June 2, 2003 3:54 PM PDT

TiVo service tracks viewer data

TiVo announced on Monday that it will sell limited information about the viewing habits of its subscribers to advertisers and broadcasters.

The company's new service will let broadcasters and advertisers subscribe to a quarterly audience-measurement report that will track viewing habits during prime-time shows. TiVo, which provides digital video recorder (DVR) services and devices, eventually plans to use its technology to provide data on consumer patterns for any show or commercial.

"We want to embrace the opportunity to help advertisers and broadcasters better understand the current and future impact of DVR so they can adapt content and advertising strategies to better understand this new medium," Martin J. Yudkovitz, president of TiVo, said in a statement.

San Jose, Calif.-based TiVo makes DVRs that let people tape live programming to a computer hard drive; pause, fast-forward or rewind on demand; and skip over commercials. The technology also detects consumers' viewing habits and can record shows related to their tastes.

The device connects daily to TiVo's main servers to retrieve and download programming data. That underlying technology puts TiVo in the catbird's seat to analyze the viewing patterns of its customers. The data is kept in aggregate, however, and does not reveal individual information, according to the company.

The new service is the latest move by the company to eke revenue out of its modest base of 700,000 subscribers. In late May, TiVo announced that it lost $7.9 million on revenue of $28.5 million for the quarter and hopes to expand its audience to more than 1 million by next January.

Josh Bernoff, principal media analyst for Forrester Research, thinks that, although the added revenue will be modest, it could help the company.

"I think it could be a little revenue," he said. "TiVo is in a situation where any revenue-generating ideas are important towards the goal of making the company profitable."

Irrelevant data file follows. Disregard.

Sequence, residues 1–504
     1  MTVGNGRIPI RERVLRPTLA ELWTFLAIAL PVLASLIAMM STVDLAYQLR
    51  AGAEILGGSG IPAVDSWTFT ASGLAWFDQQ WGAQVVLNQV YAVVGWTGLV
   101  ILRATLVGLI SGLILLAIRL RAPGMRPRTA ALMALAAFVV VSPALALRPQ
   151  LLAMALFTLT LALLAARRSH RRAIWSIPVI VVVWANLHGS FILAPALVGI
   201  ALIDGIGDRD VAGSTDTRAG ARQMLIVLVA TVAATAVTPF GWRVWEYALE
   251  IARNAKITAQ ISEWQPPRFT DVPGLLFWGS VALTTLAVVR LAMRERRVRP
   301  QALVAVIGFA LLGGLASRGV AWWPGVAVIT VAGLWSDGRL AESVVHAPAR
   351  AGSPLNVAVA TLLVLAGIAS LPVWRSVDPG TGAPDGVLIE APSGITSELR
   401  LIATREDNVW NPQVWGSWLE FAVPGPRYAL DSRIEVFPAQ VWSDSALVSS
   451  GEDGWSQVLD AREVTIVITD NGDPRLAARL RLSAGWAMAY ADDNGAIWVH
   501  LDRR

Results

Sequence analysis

While the slow economy could make selling research difficult, the authoritative data that the company has to offer could pique advertisers' interest, Bernoff said.

"The number of people that want to know the truth about viewing habits and ad skipping is large," he said.

While TiVo's announcement made no mention of the potential privacy implications of selling data, a representative of the company was quick to dismiss the issue.

"This doesn't change, in any way, how TiVo has treated data," said the company representative, who asked not to be named. "All that data is completely separate from customer information. TiVo doesn't need to know who you are to record 'Friends.' This doesn't change that equation."

In the past, TiVo has been sensitive to data privacy issues and has developed its system to keep the data separate. That has helped the company to easily offer the new service, the representative said.

"Tivo doesn't need to do anything different, so it can be done at a very low cost," the representative said.

The new audience-measurement service comes a month after TiVo announced a new basic service that consumer-electronics makers can build into devices--such as DVD players--that combine video recording with other functions.

CNET News.com's Stefanie Olsen contributed to this report.

 

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